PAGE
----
It’s always bittersweet when the holidays wind down. The hustle and bustle is over, but so is the extended time to hang out with family and friends. This year was no exception.
After our Christmas Eve and Christmas Day celebrations with some of our Colorado (and California!) family, we traveled to Vancouver, British Columbia for the last week of 2015. My folks had already made the trip to Canada in time to be there for my niece’s first Christmas. We chose to travel at a slightly less busy (and expensive) time. Fortunately, my brother and sister-in-law have some awesome friends who agreed to let the Powers clan invade their homes while they were away for the school break.
We also played Carcassonne several times, which I really enjoyed. The game play, scoring, and rules are fairly straightforward, but the strategy is complex. Fun. Even though this was a new game for me, playing Eurogames (a word I just now learned) is not, so this does not get to count as a new experience.
One of the benefits of travel, from my perspective, is that one usually does get to have many new experiences. Since we were focused on family time, and in a city I’d visited several times before, there were not quite as many opportunities, but there were some. On Tuesday, all 8 of us (including the baby) ventured into Vancouver City Centre. Of the visitors, I was the only one who had even been in that part of the city, and there were several things to see within pretty easy walking distance of one another. It took two buses to get there from the University of British Columbia neighborhood where my brother and his family live. One was a standard diesel bus, while the other was an electric trolleybus. Vancouver is the only Canadian city to operate a trolleybus network, but since I grew up in the smallest of the U.S. cities that still operates trolleybuses, this was by no means a new experience. We enjoyed the views from the bus rides, even though it took some time to make the journey.
Upon arrival, we spent some time considering lunch options, ate some waffles from Medina (yum!), then checked out the Vancouver Central Library. The outside is designed like the Colosseum in Rome and the building takes up an entire city block.
The interior space is less interesting, but provides some great views and interesting art, as well as a card catalog! (Not for the whole library, just to be clear, it seemed to be topic focused.)
Next on our list was the huge pendulum in the HSBC building lobby. Along the way, we passed some art and other cool buildings, including the Fairmont Hotel Vancouver, where I hope to someday take afternoon tea.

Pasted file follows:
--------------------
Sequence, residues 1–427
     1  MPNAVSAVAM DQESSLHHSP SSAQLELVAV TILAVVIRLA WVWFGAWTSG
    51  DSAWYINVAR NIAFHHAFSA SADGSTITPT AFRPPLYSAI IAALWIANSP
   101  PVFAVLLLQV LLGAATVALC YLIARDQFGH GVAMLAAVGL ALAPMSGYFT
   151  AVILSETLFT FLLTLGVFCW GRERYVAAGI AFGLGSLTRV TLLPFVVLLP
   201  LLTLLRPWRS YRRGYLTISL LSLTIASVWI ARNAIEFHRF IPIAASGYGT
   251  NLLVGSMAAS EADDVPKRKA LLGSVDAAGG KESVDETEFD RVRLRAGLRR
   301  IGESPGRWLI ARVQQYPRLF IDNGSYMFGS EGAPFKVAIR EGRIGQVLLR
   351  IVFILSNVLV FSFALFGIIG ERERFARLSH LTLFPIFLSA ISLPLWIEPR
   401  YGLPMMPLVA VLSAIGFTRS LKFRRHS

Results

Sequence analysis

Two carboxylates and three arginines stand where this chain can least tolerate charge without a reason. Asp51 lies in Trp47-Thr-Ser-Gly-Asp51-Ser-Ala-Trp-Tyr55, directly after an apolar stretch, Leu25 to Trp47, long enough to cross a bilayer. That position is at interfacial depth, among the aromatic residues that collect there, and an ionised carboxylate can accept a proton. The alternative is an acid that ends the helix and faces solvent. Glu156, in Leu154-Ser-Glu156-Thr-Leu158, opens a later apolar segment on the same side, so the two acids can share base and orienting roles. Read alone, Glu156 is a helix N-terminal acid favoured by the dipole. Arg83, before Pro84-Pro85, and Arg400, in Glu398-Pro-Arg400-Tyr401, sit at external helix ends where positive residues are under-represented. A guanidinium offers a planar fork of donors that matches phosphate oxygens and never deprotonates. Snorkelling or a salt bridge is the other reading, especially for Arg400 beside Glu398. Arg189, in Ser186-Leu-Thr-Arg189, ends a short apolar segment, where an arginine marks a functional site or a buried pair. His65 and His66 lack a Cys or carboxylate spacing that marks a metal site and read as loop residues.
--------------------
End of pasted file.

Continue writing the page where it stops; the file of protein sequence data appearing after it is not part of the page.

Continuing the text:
After the pendulum, we attempted to see the stained glass windows at Vancouver’s Christ Church Cathedral (yes, ABC), but it was closed for a major roof upgrade.
Our last stop on this adventure was the six-story Hudson’s Bay Company store adjacent to the rail station. There’s just something about a huge, downtown department store… We spent about 45 minutes going our separate ways for browsing, then regrouped for the trip “home.” We took the subway for the first leg of the journey, then transferred to a bus. I’m counting this whole adventure as new experience #10–Exploring Vancouver’s City Centre.
The next day was my parents’ last day in Vancouver, so we spent our time hanging out, playing games, taking pictures, and (of course) eating. We did get in a nice, long walk in Pacific Spirit Regional Park, which is adjacent to the area where my brother lives. Maureen is reporting on this hike, so I’ll just say that I love this park and whet your appetite with one image.
My new experience on this day (#11) was Canadian cider. Maureen and I like to try the local specialties in drinks as well as food. We decided on two ciders from the Okanagan (check the link for proper pronunciation) in British Columbia.
I found the Lonetree cider to be pretty dry (go figure), but tolerable. The Okanagan Crisp Apple, on the other hand, was super sweet. My brother reported that locals drink it over ice by the pitcher. We tried mixing the two, making cider cocktails, and adding ice, but my final conclusion is to stick with Strongbow, as you can get the “British Dry” version in Canada instead of the sweeter American version. (I’m still hoping Heineken will reverse course and let us have the dry version in the U.S. in 2016.)
During our final day in Canada, we ventured out again, this time for fabulous fish-n-chips and a little shopping. New experience #12 on this day was traveling in a car2go vehicle. I had never been in a smart car or (as best I can remember) a car-sharing vehicle, but I have been curious about these services. My conclusion about the smart car was that it is definitely small, but comfortable enough for two adults. It could certainly be useful for one-car households in cities where it is available (the reason my brother has a membership), but would not be practical for longer trips, larger groups, lots of “stuff,” or children too small to sit in the front seat (as it has no back seat). Apparently if you have a membership in one city you can use it elsewhere, so that would be useful for those who travel among the cities that have the service.
All in all, it was a great visit with family, and we all got to have some fun new experiences as a bonus.